Next morning, I'm up on the roof with Chris Sade, the British president of SHNY. It's cold, blustery and raining, and we're inspecting the almost-finished open-air swimming pool. The roof terrace is huge, offering long views downtown and over the Hudson river. It'll be great when the sun shines, I say optimistically.
Chris tells me that the conversion of Soho House was done in an amazingly short nine months - and New York builders are even more recalcitrant than British ones, he adds. He admits that the project was a huge risk in an untried and highly fickle market, but, so far, the bar has been full most nights and the hotel side is so busy with forward bookings that, in the long term, it too may be restricted to members only.
Further expansion plans are underway. The latest Soho House project in Britain is the Balham Bar & Grill in south London, due to open in July; in the US, the next location will probably be the Hamptons or Los Angeles. Meanwhile, further signs of encroaching gentrification are appearing here on Ninth Avenue. Across the road looms the tall steel frame of another new hotel, part of a modern chain called Giraffe, keen to cash in on the district's resurgence. Many think that it will only serve to blunt the current fashionable edge.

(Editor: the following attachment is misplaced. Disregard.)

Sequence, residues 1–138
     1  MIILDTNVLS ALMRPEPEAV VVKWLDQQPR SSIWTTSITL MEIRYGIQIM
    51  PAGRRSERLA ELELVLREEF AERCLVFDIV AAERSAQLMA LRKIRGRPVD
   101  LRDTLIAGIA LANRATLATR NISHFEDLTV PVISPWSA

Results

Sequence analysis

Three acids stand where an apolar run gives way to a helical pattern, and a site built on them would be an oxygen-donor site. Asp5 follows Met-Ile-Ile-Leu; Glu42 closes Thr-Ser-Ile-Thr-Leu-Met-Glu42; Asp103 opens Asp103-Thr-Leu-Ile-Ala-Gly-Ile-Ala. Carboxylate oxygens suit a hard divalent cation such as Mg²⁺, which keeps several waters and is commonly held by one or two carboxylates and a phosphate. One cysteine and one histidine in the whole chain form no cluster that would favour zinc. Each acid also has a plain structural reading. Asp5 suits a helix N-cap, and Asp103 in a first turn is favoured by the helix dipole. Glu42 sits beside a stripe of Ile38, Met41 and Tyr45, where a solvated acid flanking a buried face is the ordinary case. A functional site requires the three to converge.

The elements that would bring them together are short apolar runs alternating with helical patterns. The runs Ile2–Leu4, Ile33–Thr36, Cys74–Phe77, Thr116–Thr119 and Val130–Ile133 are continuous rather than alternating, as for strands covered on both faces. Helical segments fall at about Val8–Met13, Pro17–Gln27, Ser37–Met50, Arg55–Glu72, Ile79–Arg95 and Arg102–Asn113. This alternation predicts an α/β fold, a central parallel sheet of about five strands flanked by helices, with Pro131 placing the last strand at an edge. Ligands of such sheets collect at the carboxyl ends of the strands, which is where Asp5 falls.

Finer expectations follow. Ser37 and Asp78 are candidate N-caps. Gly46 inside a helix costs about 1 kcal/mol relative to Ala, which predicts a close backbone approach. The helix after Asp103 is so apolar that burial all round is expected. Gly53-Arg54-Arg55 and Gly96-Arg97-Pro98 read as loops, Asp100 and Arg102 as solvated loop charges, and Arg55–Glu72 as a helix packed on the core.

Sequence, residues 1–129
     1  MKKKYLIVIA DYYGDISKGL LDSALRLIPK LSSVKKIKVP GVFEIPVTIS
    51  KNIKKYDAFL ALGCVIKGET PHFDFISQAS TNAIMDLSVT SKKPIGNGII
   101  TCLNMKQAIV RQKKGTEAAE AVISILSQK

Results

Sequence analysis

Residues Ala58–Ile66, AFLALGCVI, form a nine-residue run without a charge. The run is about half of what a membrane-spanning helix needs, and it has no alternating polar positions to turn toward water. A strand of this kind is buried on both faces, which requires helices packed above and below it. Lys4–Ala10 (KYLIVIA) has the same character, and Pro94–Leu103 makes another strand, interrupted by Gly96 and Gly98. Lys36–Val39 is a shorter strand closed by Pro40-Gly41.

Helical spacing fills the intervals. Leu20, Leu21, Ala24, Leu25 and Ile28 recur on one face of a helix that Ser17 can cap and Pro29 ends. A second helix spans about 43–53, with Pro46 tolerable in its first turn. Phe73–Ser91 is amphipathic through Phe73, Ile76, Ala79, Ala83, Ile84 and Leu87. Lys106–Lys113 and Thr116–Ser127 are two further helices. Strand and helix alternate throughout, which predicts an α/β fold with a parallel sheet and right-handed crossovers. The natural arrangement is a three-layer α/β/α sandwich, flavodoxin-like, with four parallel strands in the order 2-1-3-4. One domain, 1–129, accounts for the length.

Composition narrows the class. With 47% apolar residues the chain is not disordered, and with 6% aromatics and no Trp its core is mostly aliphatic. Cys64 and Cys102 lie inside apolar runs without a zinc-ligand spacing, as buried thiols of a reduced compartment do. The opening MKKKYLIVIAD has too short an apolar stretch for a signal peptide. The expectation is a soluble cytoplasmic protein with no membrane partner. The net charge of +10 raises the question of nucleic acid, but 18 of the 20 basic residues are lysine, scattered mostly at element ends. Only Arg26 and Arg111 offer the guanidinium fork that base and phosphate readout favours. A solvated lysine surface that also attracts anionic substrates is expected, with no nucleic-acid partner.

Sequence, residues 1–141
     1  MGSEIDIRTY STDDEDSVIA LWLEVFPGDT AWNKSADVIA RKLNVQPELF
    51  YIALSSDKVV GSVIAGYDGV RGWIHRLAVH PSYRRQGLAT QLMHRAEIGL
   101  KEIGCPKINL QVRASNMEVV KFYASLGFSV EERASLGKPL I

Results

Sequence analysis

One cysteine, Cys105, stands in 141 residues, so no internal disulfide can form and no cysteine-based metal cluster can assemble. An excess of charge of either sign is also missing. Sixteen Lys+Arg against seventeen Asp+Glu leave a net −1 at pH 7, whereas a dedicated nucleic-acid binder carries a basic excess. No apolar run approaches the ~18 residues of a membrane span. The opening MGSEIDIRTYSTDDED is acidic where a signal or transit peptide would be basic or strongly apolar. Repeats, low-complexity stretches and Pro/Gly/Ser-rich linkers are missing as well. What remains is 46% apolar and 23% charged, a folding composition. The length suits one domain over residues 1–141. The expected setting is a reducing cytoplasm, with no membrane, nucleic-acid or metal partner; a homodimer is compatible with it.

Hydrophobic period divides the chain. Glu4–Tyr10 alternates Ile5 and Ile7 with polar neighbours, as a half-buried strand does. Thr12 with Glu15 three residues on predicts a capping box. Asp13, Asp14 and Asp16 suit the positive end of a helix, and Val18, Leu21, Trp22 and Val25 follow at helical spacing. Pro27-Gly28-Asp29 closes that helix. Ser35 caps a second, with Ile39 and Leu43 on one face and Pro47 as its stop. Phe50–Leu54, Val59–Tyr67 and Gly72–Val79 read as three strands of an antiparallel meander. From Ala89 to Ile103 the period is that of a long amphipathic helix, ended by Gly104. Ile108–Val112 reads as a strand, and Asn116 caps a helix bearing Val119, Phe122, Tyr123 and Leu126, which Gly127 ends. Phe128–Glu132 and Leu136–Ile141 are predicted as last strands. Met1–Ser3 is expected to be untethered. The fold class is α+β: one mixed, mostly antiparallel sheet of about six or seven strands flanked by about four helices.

For SHNY, and local conservationists who are eager to preserve the Meatpacking District's authenticity, the prospect is not an aesthetically pleasing one. But it's a clear signal that new money is pouring into the area and that tourism in New York is back on its feet again. And you really can't beef about that.
Jackie Hunter travelled to New York on the British Airways Concorde. Flights to New York outbound on Concorde and returning in Economy start from £3,895, and outbound on Concorde and returning in Club from £5,459. (0845 77 333 77; www.ba.com)
Soho House New York, 29-35 Ninth Avenue, New York NY 10014 (00 1 212 627 9800; www.sohohouse.com). Prices from $200 (£133) to $750 (£530) per room per night (plus tax) for non-members. There are four sizes of room: Playpen; Playroom; Playhouse; Playground.
Shops and restaurants:
Alexander McQueen, 417 West 14th Street (00 1 212 645 1797)
Diane von Furstenberg, 385 West 12th Street (00 1 646 486 4800)
Jeffrey New York, 449 West 14th Street (00 1 212 206 1272)
Stella McCartney, 429 West 14th Street (00 1 212 255 1556)
Florent, 69 Gansevoort Street (00 1 212 989 5779)
Pastis, Ninth Avenue at Little West 12th Street (00 1 212 929 4844)
More information: NYC & Company (020-7202 6368; www.nycvisit.com).Reuse content